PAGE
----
There’s a lot to feel in the hit podcast about the world’s most eccentric fitness guru
“I call you Saint Richard. Because that’s who you are.”
It’s four in the morning—modern life’s most vulnerable hour—when a semi-depressed 14-year-old with light insomnia catches the beginning of an infomercial starring Richard Simmons. It’s the late ‘80s, and Simmons, in his signature tank-top and silky shorts, sits across a woman named Rosa. Rosa is, by her own estimation and that of her doctor, significantly overweight. She hates her body. She hates herself. She hides from the world. Now, she’s in front of Saint Richard, who has promised he will rescue her from her hellish existence with Deal-a-Meal, one of the fitness guru’s numerous, profitable diet products.
By the end of the program, the promise of this new diet plan gives her hope—and may have even saved her life. She’s crying. Simmons is crying back, his fluttery doll eyes searching into the caverns of Rosa’s soul. And you know who else is crying? Me—the semi-depressed pre-teen. I didn’t know this woman, but I felt her pain, and that connection to her pain made me cry during an infomercial for diet products, as well as remember the incident decades later.
Now multiply my singular experience by several million, and a few million more on top of that, and you’ll get a rough estimate of how many people have felt those exact feels because of Richard Simmons. Empathy is Simmons’ greatest export: his power to relate to others in real time, huff their pain, and then exhale his expert advice—all while nurturing that feeling of empathy in others—appeared to be a well-baby-oiled machine.
Or so I thought. It seems Simmons’ overwhelming sense of empathy runs deep, but it’s not an everlasting gobstopper of infinite, regenerating sweet. There appear to be limits and consequences that come from perpetually connecting with others, which seems to be at the molten, emotional core of the hit podcast “Missing Richard Simmons.”
After 40 years of basking in the sunlight of human adoration and marinating in its distress, with an enduringly successful exercise studio in Beverly Hills, and a robust social following, the 66-year-old “disappeared” in 2014. It appeared to be a Garbo-esque retreat of solitude, minus the “I vant to be alone” denoument of ceremonious closure. Simmons self-zoink was a decision so uncharacteristic of the flamboyant, fuzzy-haired fitness star, that his fans and followers suspected the isolation was something more sinister. At least sinister enough that a filmmaker named Dan Taberski would dedicate months to tracking Simmons down, and record his efforts with a compelling podcast. Whether or not he succeeded will be revealed in the final episode of the hit series, which was released on March 20.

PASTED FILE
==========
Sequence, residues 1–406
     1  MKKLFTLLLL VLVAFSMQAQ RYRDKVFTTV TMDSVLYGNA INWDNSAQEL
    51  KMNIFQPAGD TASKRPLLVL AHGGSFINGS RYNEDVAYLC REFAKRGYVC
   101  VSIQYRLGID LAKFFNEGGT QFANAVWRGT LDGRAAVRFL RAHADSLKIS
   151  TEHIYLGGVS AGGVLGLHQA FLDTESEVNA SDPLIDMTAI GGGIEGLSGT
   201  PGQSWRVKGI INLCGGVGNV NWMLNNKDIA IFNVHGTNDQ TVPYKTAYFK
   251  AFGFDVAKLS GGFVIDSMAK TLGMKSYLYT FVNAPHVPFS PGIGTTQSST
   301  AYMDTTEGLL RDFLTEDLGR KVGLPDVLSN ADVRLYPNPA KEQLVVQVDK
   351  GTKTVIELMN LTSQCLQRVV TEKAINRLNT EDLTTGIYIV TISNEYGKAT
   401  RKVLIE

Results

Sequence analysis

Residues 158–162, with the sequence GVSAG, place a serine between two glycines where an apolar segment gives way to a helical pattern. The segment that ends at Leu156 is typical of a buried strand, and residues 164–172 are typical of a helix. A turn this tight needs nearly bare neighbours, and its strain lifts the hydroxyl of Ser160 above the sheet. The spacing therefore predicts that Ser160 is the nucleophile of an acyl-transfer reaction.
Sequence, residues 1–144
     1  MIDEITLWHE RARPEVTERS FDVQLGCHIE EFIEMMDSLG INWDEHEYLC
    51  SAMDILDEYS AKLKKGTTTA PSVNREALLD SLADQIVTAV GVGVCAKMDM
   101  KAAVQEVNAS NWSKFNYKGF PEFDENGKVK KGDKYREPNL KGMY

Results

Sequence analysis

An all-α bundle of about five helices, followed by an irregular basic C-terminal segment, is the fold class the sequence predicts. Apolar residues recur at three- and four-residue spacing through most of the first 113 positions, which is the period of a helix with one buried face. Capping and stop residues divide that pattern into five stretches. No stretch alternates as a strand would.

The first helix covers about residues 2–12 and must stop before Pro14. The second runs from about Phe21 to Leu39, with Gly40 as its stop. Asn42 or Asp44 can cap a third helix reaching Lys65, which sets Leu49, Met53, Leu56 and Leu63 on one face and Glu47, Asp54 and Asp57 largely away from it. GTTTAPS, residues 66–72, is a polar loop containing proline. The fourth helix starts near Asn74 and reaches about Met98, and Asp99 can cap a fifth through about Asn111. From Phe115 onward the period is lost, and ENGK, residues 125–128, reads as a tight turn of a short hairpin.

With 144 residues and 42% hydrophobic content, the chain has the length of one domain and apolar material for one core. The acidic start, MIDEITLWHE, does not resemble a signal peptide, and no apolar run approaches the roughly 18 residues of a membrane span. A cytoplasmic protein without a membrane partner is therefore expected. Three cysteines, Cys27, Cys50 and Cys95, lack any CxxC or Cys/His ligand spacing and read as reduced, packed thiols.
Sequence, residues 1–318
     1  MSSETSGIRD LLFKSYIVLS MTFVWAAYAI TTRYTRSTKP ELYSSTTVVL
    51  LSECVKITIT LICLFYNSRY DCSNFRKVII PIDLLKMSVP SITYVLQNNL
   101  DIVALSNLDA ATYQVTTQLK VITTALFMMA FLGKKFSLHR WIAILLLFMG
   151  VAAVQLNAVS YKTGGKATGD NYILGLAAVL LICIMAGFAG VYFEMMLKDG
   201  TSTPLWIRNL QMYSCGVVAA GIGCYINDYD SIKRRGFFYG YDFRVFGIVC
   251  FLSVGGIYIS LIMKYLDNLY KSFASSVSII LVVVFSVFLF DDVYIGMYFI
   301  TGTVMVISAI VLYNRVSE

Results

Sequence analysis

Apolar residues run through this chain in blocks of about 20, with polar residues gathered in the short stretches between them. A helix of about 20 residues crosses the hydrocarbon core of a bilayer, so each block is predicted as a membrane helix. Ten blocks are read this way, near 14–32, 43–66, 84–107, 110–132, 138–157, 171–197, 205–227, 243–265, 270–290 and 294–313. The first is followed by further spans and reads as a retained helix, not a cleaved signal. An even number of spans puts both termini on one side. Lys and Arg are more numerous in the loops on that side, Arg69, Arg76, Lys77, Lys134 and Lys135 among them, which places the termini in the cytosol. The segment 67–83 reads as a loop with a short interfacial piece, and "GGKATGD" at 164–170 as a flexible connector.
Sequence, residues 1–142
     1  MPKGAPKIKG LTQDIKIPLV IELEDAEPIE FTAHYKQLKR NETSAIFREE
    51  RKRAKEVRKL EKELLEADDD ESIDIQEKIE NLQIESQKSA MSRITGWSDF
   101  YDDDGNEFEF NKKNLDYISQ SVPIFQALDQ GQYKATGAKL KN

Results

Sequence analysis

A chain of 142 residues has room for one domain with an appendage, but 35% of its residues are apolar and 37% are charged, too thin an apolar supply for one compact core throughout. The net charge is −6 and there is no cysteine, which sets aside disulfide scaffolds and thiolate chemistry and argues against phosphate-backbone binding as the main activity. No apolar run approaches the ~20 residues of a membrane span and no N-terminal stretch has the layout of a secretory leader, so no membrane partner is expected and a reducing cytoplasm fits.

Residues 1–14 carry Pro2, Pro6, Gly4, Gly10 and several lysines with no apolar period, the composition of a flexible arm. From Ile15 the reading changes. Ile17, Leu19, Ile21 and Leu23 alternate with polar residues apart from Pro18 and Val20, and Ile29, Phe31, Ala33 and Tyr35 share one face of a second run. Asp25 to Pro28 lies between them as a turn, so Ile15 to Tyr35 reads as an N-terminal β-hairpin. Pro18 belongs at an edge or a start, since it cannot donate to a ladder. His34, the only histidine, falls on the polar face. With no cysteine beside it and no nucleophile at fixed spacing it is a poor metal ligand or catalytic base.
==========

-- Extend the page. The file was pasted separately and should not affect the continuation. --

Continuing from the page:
The podcast, which a colleague of mine described as “’Serial’ but with Richard Simmons,” features old recordings from his numerous television appearances and exercise videos. Hearing his high-pitched, Broadway-loud, sing-song voice triggered a near-instant response of emotion—a sense of nostalgic comfort, but also the urge to fix something. To help. To connect. Like Richard does.
The podcast entertains several outrageous reasons why Simmons stepped away from the public eye, everything from kidnapping to witchcraft. But I wonder if it’s something deeper—and maybe simpler. It wasn’t the fading spotlight. It’s that his empathy ran dry.
And perhaps, if you’re not careful, yours might too.
From Donald Trump’s comically caustic ruthlessness to a staggeringly tragic war in Syria that can’t seem to lodge itself in the essential American consciouness, the push for empathy has been something of a social mandate. There are products developed to cultivate deep empathy, such as the virtual reality “empathy machine” and any number of thought-leading TED talks. Inhabiting the emotional life of others is a necessary part of progress. For them—and for you, too.
But what if Richard Simmons is the Patient Zero of deep empathy gone awry? What if, after four decades, your ability and desire to connect wither away?
Yale psychologist and author Paul Bloom explores this idea in his recent book, Against Empathy: The Case for Rational Compassion. In it, he argues that empathy is potentially destructive; it clouds logic with overwhelming emotion. Those emotions lead to irrational decisions, and those poor decisions can apply to everything from healthcare to war. Response to Bloom’s arguments have been mixed. It’s just easier to promote the idea that there’s no such thing as too much empathy. That the cure for divisiveness is unity, and unity is achieved by imagining how it might be to walk in someone else’s shoes.
But there’s a selfishness in deep empathy—and perhaps an arrogance too—in believing its possible to feel what another person feels, and adopting responsibility and control with those feelings. Maybe Richard got wise to that. In “Missing Richard Simmons,” a number of Simmons’ devotees feel deprived of his attention, and cheated out of what you might think of as an unwritten social contract. He put so much of himself into them—doesn’t he want a return on that investment? It’s strange to think of empathy as currency, that one could feel “cheated” or owed, while another feels bankrupt. But there’s something transactional about sharing empathy.
I’m not yet sure what happens to Richard Simmons. I haven’t finished the final episode yet. But wherever he is, and whatever happens, I’m determined not to cry about it.